Carbon-diOxide is perceived by many as a light, almost weightless gas, but it’s relatively heavy. Trees grow slowly to weigh hundreds of kilos or even tons. More than half of their weight comes from Carbon which they patiently extract from the Carbon-diOxide they ‘inhale.’
Humans inhale the relatively light Oxygen, and exhale the heavier Carbon-diOxide; this is how they lose actual body weight.
Gasses and food-fuels
Gasses, solids, and liquids continuously go in and out of my body. Some of the food and gasses I intake my body can use, but some are unusable and need to be disposed of. My lungs deal with the gasses, and my digesting system with solids and water.
To better understand body weight changes, I separate all that I ingest into three groups:
- Useable materials.
- Unusable stuff.
- Body water.
My digesting system breaks down the useable materials I eat and drink into:
- Sugar and Fat – burnable food fuels.
- Proteins – building blocks (they are also burnable).
- Minerals and vitamins.
After the initial breakdown, a conversion process is needed for efficient burning. For example, different Carbohydrates are converted into body-Sugar, and fat is converted into body-Fat.
These converted food fuels are constantly fed to my body cells, which extract energy from them, mainly by ‘burning’ in the presence of Oxygen, but also, to a limited extent, by fermenting them without Oxygen.
Some organs in my body ‘operate’ exclusively on body-Sugars, for example, my brain. Other organs, like my heart, function best when it burns body-Fat.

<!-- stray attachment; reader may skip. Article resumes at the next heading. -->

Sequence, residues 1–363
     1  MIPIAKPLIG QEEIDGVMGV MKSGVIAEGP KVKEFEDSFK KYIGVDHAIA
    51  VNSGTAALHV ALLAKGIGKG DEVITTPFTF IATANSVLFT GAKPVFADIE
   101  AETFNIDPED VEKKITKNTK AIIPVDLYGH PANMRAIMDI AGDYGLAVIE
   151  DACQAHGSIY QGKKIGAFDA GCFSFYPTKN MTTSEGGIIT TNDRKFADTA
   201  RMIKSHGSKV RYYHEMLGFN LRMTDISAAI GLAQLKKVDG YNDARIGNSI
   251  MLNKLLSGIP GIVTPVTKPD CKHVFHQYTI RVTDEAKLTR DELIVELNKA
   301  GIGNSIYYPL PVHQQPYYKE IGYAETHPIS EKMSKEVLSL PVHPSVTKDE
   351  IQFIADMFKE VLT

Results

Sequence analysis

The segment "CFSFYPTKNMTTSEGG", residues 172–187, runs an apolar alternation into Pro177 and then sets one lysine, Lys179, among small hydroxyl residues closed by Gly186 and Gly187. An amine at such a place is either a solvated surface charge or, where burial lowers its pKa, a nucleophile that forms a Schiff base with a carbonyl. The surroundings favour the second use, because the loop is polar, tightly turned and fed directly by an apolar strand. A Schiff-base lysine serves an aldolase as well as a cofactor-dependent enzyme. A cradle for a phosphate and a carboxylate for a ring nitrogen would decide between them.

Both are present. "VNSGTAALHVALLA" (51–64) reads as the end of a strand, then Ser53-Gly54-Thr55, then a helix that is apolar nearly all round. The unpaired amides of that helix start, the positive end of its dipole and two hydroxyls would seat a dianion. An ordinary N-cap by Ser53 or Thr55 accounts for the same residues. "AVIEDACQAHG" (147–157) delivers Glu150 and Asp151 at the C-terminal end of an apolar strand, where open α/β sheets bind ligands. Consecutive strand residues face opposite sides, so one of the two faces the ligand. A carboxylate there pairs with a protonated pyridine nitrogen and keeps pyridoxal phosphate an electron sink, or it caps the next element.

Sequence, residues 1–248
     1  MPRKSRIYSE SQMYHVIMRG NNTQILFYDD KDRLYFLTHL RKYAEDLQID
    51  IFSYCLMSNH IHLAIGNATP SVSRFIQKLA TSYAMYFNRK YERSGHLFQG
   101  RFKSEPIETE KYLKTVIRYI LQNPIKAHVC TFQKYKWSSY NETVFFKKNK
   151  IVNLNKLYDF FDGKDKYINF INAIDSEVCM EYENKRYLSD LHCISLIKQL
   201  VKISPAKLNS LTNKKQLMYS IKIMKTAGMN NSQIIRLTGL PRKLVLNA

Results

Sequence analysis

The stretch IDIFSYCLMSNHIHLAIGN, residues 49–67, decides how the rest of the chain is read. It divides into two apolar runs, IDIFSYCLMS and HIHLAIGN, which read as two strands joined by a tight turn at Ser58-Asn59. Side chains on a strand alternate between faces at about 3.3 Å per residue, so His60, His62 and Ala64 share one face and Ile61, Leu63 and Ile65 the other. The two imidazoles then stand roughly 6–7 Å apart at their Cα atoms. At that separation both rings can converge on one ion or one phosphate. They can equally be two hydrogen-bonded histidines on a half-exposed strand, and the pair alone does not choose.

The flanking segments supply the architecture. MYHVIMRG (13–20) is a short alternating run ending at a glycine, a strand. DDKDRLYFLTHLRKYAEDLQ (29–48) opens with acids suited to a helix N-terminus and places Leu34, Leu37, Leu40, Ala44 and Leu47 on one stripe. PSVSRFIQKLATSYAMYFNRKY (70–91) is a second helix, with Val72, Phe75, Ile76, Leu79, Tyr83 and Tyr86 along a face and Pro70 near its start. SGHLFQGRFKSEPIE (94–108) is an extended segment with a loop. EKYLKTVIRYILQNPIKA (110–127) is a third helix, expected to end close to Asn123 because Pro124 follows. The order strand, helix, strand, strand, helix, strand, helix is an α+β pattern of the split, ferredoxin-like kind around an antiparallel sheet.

It’s relatively easy for my body to convert sugar into a burnable body-Sugar. Body-Sugar activates powerful reward mechanisms in my brain, which makes me want more & more & more of it.
My body’s ability to store body-Sugars for future use is poor, but it can do that well with body-Fat. Therefore surplus body-Sugars are converted into body-Fat, which is a form of energy reserve.
Unusable stuff and water
I eliminate the unusable stuff in the toilet (poop). It contains water, fiber, bacteria, and other foodstuffs I failed to chew.
My body uses water for chemical processes, conversions, cleaning, and cooling. Some of the water I discharge when urinating. There are also some solids in my urine, but otherwise, it’s mostly water. More than 50% of my body weight is water. I can’t afford to go below a certain minimum of body water reserves.
How did the C get there?
Inhaled air consists of
80% Nitrogen + 20% Oxygen.
Exhale air consists of
80% Nitrogen + 16% Oxygen + 4% Carbon-diOxide.
The question is, where did the added Carbon in the exhaled air come from?
- ‘Inhale’ Carbon-diOxide through their surface.
- ‘Drink’ water using their roots.
- Absorb energy from the sun using their ‘solar panel’ leaves.